Software Development Principles — it is a number of specific rules and recommendations, which engineers need to be followed during program implementation if they want to write beautiful, understandable and maintainable code. There is no magic wand, by which you can transform a mixture of variables, classes and functions into the ideal code, but there are some tips and hints, which can help the engineer to determine if he doing things right. Let's look at this base recommendations. Some of these principles are Python-specific, but most are not.
Measure twice and cut once
I think this is the most important principle at all. If you learn just one principle from this post - it should be this. We, developers/devops/architects/managers people struggle from lack of attention, from stupid mistakes and typos. I think this principle in terms of engineering means quality, confidence in your code/process/system/etc. But this confidence cannot go from the code itself, it should go from tests.
Don’t Repeat Yourself (DRY)
It's pretty simple, but very useful principle, which says that repeating the same code in different places is a bad idea. This is primarily due to the need to further maintain and modify the code. If some code snippet duplicates in several places within the program then there is a high probability of two disastrous situations:
- If necessary make even small corrections into source code, you need to change the same code in several places where it is using which will require additional time and effort(it is not easy sometimes - see Miller's law)
- From the first item follows the second, you or another developer may accidentally miss one of the fixes and face subsequent errors in the application.
In this regard, there is a recommendation, if any code is found in the listing more than two times, then it should be placed in a separate method. This is a general recommendation, in fact, you need to think about creating a separate method, even if you meet the repetition a second time.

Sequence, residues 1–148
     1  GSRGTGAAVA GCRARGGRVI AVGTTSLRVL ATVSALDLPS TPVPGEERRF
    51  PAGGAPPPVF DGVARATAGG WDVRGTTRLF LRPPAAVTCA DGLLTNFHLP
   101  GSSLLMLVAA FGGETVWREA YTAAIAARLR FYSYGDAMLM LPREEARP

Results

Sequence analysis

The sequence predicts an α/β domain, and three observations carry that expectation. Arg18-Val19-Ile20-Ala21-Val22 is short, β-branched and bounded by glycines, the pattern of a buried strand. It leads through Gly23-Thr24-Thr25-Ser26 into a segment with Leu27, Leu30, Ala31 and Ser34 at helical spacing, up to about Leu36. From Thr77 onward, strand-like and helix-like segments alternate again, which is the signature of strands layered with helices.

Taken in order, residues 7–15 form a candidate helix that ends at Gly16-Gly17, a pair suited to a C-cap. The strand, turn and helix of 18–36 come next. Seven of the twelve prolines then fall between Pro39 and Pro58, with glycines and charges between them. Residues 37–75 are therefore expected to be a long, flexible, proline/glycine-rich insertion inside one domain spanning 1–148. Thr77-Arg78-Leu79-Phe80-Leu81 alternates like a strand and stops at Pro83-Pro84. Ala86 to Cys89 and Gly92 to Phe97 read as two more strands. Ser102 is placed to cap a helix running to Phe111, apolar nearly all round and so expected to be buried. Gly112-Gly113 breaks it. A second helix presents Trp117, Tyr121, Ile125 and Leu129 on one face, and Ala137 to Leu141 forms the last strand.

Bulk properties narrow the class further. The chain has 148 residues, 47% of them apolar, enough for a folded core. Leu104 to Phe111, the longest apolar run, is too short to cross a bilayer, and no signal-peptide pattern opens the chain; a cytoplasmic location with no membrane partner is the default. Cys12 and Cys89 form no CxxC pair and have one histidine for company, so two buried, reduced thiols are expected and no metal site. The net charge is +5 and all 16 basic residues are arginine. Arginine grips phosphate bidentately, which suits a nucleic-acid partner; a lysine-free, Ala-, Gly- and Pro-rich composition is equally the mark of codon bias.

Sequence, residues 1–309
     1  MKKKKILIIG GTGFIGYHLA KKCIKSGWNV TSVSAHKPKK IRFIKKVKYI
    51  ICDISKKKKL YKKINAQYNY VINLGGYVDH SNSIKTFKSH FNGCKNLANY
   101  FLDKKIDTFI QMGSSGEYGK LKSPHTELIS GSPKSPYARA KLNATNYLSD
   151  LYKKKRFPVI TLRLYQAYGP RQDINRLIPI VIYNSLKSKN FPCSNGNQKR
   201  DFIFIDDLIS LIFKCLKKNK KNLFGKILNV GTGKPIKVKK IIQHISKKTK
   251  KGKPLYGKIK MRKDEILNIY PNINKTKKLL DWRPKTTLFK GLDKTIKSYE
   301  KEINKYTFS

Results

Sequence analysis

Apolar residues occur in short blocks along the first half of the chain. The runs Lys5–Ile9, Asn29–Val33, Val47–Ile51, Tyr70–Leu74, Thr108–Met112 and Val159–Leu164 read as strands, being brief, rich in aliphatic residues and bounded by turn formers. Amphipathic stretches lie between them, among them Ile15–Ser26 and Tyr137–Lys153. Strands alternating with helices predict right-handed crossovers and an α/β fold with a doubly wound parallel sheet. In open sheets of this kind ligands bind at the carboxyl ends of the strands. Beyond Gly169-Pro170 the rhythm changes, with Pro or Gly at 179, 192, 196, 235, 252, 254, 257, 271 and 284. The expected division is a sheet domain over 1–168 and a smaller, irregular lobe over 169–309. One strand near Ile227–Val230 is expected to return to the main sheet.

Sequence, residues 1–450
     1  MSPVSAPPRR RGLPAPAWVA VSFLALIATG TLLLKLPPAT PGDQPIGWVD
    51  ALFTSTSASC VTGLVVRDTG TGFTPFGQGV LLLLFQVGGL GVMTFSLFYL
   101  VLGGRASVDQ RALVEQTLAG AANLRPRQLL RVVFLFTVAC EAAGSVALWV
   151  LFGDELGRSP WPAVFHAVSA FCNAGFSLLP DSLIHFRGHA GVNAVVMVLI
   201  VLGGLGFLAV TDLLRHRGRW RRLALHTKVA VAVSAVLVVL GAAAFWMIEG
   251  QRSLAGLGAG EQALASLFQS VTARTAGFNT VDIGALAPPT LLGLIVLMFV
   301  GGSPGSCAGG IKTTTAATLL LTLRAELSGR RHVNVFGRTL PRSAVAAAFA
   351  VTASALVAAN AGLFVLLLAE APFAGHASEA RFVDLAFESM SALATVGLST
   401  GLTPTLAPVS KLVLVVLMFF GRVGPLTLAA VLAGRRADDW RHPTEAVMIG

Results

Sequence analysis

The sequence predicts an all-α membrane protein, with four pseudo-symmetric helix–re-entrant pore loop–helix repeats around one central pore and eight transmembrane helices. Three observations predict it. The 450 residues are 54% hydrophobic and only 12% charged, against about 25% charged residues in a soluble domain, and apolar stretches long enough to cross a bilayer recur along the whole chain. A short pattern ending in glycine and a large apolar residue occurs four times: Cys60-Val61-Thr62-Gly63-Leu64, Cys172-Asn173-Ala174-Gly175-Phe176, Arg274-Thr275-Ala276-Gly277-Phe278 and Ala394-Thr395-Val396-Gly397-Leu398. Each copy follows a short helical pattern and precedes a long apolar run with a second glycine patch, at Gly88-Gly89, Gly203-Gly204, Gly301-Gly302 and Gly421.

It is a very common idea which came into programming from philosophy. The principle got its name from english monk William of Ockham. This principle says: «Entities are not to be multiplied without necessity». In IT this principle is interpreted as follows - no need to create extra entities without the need for them. So, you always need to think first about the benefits of adding one more method/class/tool/process/etc. After all, if you add one more method/class/tool/process/etc and don't get any benefits but increasing complexity then what's the point?
Keep It Simple Stupid (KISS)
It is a very similar principle with the one above but this one has slightly different meaning. This principle says that code should be simple, without any complicated structures if possible, otherwise it will overcomplicate debugging and maintenance of the code. In addition, it will be much more difficult for another programmer to understand the intricacies and complex branches of the listing, which will also require additional time and effort. Therefore, always try to use simple and logical constructions without deep nesting, by doing this you will simplify life for yourself and for your colleagues because complexity breeds bugs. Remember what Pieter Hintjens said: "Simplicity is always better than functionality."
You Aren’t Gonna Need It (YAGNI)
A problem which a lot of programmers suffer. The desire to implement at once all necessary (and sometimes even unnecessary) functionality from the very beginning of the development process. That is when the developer from the very beginning adds all possible methods to the class and implements them, while in the future it may even never use them. Therefore, according to this recommendation, implement only what you need in the first place, and in the future, if necessary, increase the functionality. So you will save efforts, time and nerves on debugging code that is not really needed.
Big Design Up Front